The enunciation of such a falsity comes about on this wise. Certain men, sacredly bound in religion, honor, and law to teach, preach, and defend the cardinals of Christianity, as held by the Church of England, break their pledge, and pervert their official standing, and the ancient foundations on which

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they have their living, by a labored and published attack on the essentials of the Christian religion. Calling these men to account, through the press, for breach of faith, perversion of trust, and the advocacy of infidelity, is intolerance and persecution, according to this Review, so zealous for free thinking.

Leaving the discussion of cases and personal issues, we propose some inquiries on the principles pertaining to religious fellowship and toleration.

An indispensable condition of fellowship is a cordial acceptance of the principles, policies, or forms, essential to the organization that gives or receives the fellowship. To have sincere fellowship with the Unitarians one must agree cordially to the unity of God, not to mention other points, as held by some, in distinction from the common view. Fellowship with Baptists must assent to their mode of baptism as the only scriptural one. The fellowship of Universalism requires a hearty faith in the doctrine of the final restoration of all the human family to holiness and heaven ; while infidelity asks our hearty acceptance of the moral and religious teachings of Voltaire, Hume, and Parker, for substance of doctrine.

These are points essential to the existence of these religious orders, and if the fellowship is to have a vitality and not a semblance merely, it must embrace and accept the essentials. It is an indorsement of them by the understanding and heart. The sceptic, the Calvinist, the papist, any religious order, agrees to this and requires it.

Where fellowship is thus extended public opinion interprets it as evidence of a unity of faith between the parties on fundamental points. This is more than is intended or done or supposed to be done, when those of different religious faiths and forms of worship and church polities unite for specific and temporary purposes on civic or festive or reformatory occasions. This is rather acting the citizen and reciprocating the courtesies and sympathies of life. Here is no compromising or confusing of religious creeds. It is the fellowship of good neighborhood and humanity, and to refuse it on religious scruples is intolerant and intolerable bigotry,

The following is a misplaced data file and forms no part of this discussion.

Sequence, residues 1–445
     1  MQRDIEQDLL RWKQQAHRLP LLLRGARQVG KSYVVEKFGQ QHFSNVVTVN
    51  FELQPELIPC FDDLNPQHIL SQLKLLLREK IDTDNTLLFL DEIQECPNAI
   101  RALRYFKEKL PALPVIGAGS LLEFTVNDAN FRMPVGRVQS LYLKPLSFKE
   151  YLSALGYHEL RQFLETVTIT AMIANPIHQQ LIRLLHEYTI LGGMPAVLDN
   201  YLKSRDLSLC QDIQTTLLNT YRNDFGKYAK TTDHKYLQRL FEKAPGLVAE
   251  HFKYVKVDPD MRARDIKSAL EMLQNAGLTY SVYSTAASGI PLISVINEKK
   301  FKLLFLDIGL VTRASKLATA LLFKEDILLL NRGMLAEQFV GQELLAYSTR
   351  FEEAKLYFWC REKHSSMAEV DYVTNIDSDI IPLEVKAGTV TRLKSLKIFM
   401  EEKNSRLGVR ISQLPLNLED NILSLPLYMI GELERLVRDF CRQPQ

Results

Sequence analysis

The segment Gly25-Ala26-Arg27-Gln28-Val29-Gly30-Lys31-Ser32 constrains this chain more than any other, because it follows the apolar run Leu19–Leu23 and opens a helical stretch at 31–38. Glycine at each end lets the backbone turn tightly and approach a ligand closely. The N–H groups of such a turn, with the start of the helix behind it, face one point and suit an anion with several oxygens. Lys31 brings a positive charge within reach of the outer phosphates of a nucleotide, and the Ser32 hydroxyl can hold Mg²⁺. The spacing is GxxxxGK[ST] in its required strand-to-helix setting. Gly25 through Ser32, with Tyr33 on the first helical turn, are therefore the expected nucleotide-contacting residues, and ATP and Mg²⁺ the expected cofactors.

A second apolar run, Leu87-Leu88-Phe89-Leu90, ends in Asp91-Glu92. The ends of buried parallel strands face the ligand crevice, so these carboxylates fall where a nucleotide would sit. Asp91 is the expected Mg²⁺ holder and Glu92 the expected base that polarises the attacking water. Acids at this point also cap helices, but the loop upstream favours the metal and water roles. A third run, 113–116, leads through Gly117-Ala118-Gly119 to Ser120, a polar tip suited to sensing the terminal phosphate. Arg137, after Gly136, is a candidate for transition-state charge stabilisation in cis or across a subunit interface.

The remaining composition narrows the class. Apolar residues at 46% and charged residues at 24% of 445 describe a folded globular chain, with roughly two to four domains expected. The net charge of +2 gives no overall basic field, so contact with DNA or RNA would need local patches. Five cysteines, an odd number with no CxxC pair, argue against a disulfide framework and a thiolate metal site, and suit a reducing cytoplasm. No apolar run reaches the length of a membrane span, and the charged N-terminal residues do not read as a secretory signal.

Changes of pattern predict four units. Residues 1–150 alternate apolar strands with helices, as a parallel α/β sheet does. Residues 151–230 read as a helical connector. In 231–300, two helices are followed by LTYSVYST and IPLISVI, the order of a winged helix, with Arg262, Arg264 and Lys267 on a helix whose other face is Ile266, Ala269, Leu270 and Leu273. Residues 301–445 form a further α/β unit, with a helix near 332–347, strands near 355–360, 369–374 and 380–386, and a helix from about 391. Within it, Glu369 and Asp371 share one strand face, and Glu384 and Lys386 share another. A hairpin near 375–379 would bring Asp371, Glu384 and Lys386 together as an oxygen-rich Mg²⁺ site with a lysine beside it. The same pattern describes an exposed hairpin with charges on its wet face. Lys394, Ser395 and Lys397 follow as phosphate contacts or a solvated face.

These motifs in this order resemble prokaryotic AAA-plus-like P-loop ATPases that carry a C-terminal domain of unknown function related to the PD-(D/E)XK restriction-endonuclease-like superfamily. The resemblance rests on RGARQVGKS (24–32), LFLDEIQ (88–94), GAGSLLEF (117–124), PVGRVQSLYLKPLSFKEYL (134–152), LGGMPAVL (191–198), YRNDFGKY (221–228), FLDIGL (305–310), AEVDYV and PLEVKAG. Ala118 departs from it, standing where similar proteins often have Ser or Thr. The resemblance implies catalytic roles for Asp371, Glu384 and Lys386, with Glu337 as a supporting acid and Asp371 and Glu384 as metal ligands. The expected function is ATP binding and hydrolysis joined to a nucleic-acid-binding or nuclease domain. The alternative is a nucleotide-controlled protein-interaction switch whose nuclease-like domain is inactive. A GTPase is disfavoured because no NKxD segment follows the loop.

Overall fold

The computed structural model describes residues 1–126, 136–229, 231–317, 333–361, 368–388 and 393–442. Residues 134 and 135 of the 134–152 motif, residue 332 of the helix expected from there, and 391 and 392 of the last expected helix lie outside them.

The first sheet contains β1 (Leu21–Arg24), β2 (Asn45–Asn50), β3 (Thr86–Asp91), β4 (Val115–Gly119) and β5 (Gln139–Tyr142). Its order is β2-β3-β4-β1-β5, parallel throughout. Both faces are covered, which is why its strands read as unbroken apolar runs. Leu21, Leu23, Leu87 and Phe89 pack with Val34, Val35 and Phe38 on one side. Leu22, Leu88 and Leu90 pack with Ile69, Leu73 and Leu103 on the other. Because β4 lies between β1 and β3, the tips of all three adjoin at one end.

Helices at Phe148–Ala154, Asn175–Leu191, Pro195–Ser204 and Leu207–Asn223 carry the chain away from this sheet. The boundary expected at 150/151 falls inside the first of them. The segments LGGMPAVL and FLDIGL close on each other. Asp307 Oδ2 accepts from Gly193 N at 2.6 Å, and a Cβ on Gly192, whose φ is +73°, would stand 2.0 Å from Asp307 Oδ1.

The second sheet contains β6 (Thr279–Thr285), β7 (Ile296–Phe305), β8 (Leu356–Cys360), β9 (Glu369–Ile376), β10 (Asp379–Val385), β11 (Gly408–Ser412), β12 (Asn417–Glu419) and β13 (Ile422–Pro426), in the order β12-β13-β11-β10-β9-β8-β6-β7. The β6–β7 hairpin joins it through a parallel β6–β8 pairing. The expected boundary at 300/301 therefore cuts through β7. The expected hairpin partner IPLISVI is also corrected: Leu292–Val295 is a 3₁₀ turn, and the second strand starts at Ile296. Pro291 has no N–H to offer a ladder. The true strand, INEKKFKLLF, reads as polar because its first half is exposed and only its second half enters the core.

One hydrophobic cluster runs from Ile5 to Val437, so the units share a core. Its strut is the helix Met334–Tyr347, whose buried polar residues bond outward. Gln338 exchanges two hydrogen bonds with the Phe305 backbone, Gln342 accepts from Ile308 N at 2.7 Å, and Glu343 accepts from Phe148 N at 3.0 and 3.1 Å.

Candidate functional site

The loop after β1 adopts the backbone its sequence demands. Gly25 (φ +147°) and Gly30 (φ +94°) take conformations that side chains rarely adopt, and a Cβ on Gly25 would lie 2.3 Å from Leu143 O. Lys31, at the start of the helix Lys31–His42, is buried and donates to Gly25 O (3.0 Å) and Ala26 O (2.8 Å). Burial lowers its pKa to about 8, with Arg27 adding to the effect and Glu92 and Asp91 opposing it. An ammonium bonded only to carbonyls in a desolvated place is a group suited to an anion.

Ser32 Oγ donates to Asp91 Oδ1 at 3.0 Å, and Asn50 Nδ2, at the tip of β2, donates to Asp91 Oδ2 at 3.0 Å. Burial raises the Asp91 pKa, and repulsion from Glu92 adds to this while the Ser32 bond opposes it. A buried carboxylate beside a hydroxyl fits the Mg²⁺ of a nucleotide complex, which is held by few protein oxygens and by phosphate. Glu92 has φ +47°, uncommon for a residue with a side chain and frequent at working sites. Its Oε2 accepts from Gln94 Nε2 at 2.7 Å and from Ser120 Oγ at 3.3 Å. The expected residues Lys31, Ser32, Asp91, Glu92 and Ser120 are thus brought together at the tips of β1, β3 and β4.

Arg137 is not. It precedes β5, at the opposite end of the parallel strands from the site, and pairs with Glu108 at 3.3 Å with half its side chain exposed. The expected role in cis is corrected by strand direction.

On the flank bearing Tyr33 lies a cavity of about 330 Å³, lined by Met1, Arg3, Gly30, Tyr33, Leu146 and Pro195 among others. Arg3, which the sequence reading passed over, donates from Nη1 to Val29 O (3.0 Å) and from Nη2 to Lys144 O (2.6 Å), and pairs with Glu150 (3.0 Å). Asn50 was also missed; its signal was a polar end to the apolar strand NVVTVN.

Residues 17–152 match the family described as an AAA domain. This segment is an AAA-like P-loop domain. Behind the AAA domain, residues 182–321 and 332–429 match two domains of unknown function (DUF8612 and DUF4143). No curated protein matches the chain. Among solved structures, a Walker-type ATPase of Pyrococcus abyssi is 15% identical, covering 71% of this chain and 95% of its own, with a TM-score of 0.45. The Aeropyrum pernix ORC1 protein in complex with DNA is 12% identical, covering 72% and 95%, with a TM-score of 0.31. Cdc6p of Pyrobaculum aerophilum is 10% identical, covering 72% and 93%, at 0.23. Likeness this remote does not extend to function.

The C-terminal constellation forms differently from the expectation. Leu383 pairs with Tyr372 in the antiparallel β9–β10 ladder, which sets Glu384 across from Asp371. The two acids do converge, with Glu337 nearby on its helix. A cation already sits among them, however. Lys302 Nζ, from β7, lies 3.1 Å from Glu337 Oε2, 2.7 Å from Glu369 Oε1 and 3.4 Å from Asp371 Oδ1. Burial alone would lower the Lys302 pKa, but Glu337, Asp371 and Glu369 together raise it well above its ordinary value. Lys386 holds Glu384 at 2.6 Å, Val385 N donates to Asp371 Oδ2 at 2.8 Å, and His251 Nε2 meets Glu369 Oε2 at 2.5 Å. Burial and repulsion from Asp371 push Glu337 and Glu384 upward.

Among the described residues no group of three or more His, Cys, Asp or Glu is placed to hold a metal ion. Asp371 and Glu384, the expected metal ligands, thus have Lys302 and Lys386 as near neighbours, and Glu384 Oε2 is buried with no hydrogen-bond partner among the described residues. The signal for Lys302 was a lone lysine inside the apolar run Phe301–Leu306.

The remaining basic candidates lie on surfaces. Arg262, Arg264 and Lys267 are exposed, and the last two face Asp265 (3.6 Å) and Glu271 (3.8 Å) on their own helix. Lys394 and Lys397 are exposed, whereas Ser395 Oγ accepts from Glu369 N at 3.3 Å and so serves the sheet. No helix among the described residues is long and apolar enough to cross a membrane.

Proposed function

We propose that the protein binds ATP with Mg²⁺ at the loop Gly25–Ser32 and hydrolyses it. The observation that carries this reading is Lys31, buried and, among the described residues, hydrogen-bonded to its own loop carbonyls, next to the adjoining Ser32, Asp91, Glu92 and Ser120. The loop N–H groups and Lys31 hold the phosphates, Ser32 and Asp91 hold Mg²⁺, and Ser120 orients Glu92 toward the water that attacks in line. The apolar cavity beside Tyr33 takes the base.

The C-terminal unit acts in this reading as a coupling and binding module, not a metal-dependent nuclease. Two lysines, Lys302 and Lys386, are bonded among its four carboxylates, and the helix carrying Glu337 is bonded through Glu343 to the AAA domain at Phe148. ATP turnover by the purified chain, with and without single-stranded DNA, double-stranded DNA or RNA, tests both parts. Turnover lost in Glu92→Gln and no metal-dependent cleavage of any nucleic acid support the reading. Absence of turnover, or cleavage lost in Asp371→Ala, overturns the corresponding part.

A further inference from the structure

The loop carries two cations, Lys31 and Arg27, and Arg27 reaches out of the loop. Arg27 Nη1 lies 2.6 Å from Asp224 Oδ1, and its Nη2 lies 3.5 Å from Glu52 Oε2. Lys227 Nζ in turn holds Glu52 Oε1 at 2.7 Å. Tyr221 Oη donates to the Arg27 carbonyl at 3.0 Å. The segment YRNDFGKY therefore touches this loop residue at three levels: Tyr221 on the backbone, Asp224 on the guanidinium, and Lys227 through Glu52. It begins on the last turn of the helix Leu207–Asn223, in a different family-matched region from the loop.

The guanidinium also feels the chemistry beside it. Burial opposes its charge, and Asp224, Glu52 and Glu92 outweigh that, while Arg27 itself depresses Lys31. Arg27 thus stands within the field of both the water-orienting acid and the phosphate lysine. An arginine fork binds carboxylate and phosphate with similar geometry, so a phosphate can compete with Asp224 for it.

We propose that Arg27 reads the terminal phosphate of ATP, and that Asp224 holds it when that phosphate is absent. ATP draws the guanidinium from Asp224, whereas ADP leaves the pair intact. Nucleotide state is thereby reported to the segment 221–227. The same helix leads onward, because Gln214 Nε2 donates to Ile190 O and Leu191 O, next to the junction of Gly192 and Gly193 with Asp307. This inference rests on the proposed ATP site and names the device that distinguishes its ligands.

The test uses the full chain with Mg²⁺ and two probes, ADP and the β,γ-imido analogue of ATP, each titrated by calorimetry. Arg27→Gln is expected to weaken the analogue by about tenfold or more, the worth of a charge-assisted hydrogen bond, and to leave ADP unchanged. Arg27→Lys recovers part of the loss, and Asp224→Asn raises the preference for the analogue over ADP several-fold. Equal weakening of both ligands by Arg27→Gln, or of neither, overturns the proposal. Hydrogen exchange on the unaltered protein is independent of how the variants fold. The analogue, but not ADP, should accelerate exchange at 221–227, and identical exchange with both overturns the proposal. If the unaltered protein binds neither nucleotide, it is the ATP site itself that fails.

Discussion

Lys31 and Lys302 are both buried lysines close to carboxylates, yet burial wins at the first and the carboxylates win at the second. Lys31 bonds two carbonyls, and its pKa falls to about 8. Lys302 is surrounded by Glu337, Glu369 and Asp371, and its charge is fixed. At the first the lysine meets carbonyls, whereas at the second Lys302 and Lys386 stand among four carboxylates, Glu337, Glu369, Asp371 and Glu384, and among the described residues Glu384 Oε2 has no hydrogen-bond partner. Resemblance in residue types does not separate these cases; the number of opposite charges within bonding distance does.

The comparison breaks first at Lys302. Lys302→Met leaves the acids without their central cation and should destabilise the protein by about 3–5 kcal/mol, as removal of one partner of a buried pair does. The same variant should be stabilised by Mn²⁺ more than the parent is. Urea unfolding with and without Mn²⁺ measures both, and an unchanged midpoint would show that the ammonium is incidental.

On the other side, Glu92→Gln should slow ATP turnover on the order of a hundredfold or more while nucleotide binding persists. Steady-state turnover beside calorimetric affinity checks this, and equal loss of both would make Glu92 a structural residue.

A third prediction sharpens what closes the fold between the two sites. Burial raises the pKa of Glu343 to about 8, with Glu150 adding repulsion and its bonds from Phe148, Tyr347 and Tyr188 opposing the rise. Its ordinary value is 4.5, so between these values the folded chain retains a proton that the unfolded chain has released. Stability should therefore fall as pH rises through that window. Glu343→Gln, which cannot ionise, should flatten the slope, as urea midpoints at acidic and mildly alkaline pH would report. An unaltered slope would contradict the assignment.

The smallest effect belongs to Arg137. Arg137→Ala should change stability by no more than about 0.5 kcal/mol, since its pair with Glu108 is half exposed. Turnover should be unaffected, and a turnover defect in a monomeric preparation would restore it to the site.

But we are necessarily brought into other relations to supposed error and errorists that cannot be so easily disposed of.

We may not compromise the claims of truth or suffer them to be compromised. Its peril enhances our responsibility. The lines may be so drawn, or inferences and popular impressions so forced, that neutrality is an impossibility for us, even if we were unworthy enough to wish it. Moreover, moral truth is always intolerant of its opposite. It would deny its nature were it otherwise ; and we should deny our friendship for it, were we to ignore or disregard the dividing lines between it and error. How much that is

wrong we may

suffer to pass

in silence, when to challenge it, and with how much of emphasis to enter a logical protest, or more summary veto, is a matter of times and circumstances.